It was a familiar question, one asked before, even if initially hard to place. “What is the worst-case scenario for Notre Dame this weekend? And what is its best realistic chance?” This time, it came from Tyler Cass on 92.1 The Ticket in Fayetteville, Ark., on a much-too-early phone interview Thursday morning.
As soon as beginning to answer, the familiarity was placed. The query originally came from Edgar as the car pulled into the parking lot at what was then known as Sun Life Stadium back on Jan. 7, 2013. At that moment, the Irish were 10-point underdogs, and Edgar was so convinced of their ability to compete that evening, he had invested in that figure. To memory, invested heavily.
As the afternoon passed, I heard of many who had done just as Edgar did. (In years since, I have also heard horror stories of bankroll-sized, alcohol-inspired and never-remembered wagers on the Notre Dame moneyline. Fortune did not favor those bold.)
“Touchdown-punt-touchdown,” I told Tyler, just as I once had Edgar. As anyone reading here certainly remembers, that is exactly what happened six years ago: Alabama received the opening kickoff and scored five plays later. After an Irish three-and-out, the Tide marched 61 yards in 10 plays to take a 14-0 lead that felt like so much more than that.
Avoiding that this time around may be Notre Dame’s best realistic chance. And it should be able to, if for no other reason than its defense is more complete than it was in 2012 and Clemson’s offense, while excellent, is not quite as dominant as Alabama’s was in 2012.
They both may be first-year starters, but the longer the Cotton Bowl stays close, one must think it will affect Tigers freshman quarterback Trevor Lawrence more than it will Irish junior Ian Book. Preventing another touchdown-punt-touchdown sequence aids that cause.
Which leads to a reader question, from longtime reader and frequent (figurative) caller, glowplugv: If ND wins the coin flip, does Kelly defer or put the offense on the field? Rationale could be to defer and put the defense on the field first (team strength) and see if they can get a stop. ND gets the ball after the half with adjustments and maybe a quick score. Or get out there with the offense and give them your best shot and set the tone for the game?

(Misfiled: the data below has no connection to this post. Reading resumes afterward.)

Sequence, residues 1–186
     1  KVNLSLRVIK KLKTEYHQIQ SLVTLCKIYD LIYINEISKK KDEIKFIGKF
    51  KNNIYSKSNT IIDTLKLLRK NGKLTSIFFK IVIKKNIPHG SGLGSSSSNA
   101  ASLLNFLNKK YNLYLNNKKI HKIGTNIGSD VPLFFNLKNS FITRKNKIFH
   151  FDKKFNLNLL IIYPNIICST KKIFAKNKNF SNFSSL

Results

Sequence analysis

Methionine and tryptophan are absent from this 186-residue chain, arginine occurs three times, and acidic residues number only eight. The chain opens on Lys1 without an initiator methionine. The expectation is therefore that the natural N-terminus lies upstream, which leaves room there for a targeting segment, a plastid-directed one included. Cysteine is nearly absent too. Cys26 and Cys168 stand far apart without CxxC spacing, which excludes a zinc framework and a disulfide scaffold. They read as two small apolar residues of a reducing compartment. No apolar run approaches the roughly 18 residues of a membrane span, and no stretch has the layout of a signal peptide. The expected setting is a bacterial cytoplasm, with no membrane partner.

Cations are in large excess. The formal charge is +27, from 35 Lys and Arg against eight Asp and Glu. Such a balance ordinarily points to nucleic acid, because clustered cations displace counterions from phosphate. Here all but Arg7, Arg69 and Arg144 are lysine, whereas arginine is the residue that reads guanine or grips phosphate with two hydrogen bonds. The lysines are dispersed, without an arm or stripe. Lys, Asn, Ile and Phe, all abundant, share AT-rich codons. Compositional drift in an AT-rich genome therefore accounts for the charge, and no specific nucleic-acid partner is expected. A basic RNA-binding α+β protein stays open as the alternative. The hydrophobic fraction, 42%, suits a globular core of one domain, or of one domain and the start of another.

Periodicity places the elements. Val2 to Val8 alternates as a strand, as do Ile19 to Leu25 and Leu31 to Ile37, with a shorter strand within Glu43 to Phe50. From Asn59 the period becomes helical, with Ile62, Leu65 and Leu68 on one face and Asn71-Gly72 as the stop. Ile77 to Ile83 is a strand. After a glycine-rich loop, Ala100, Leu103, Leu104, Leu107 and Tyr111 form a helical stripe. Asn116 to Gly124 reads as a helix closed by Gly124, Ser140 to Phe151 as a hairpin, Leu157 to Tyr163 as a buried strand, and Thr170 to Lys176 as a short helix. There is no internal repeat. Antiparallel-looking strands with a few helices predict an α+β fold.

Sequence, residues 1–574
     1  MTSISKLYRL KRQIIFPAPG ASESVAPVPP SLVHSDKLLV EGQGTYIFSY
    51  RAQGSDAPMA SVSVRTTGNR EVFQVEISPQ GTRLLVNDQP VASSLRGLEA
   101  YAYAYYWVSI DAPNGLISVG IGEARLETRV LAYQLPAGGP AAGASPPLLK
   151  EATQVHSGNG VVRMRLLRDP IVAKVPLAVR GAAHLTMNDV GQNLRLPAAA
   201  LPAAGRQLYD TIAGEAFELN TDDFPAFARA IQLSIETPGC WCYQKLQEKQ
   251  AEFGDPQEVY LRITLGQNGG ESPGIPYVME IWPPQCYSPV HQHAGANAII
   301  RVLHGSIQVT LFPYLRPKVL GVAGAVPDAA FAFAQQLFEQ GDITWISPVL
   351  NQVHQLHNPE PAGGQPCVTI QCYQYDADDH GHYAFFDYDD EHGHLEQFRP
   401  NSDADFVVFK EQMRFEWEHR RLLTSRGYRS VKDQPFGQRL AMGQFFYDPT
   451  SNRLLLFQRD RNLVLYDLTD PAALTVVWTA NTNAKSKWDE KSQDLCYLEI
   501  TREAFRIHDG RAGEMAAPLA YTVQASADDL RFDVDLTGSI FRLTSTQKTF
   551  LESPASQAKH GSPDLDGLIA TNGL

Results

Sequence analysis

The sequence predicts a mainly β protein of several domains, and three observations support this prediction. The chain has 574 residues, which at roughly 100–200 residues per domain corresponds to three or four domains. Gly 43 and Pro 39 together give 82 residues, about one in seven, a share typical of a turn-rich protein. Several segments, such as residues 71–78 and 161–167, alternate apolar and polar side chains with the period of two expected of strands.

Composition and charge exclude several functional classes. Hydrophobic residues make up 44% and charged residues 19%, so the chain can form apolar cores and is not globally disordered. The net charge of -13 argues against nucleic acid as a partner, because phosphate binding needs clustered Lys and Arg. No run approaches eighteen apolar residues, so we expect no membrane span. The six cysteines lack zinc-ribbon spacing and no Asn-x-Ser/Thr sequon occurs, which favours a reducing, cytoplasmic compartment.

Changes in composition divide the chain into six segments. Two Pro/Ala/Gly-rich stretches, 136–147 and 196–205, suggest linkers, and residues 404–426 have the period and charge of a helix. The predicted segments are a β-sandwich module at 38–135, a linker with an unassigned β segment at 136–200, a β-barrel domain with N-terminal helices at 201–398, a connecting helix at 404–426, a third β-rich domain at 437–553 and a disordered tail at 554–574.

Brian Kelly will not defer. It is as simple as that. It has been a staple of his coaching career, and one that makes sense in this instance. To those who argue, “Statistics show …,” that data illustrates a marginal difference and ignores many other variables inherent to the game. The coin flip decision does not alter outcomes wholesale.
But in Dallas, taking the chance to avoid an opening of Clemson touchdown-punt-touchdown, the inevitable flashbacks induced by it and the first two-touchdown deficit faced by Notre Dame this season would be a smart chance to take. Reducing the odds of the worst-case scenario is an obvious choice to make.
From there, the longer it stays close, perhaps within the current 12.5-point spread, the more Irish odds will rise. Book has led one dramatic bowl-winning drive before, and his cool toward the ends of the Northwestern and USC games this season made those final scores look more lopsided than those primetimes really were. Lawrence, meanwhile, has not needed to navigate the end of even a two-score game. (Not that such is a fault. <sarcasm> How misguided of Clemson to win so many games so handily.</sarcasm>)
Therein lies Notre Dame’s best realistic chance in JerryWorld. The current point total over/under of 56.5 hints at a 35-22 final score. The Irish are underdogs in this, no reasonable outlook can argue that. A slow start for all involved should help mitigate that, eventually reducing the Tigers’ margin of error to just one play.
On a personal note, if that Irish puncher’s chance comes to be reality, I should be able to hop off a bridal party trolley and sidle up next to Edgar during a cocktail hour just as the fourth quarter begins. If within one possession, there will be reason to watch. If not, well, that sounds like a time to find the open bar and a girl named Claire, leaving the blow-by-blow for Sunday and the wonders of DVR.
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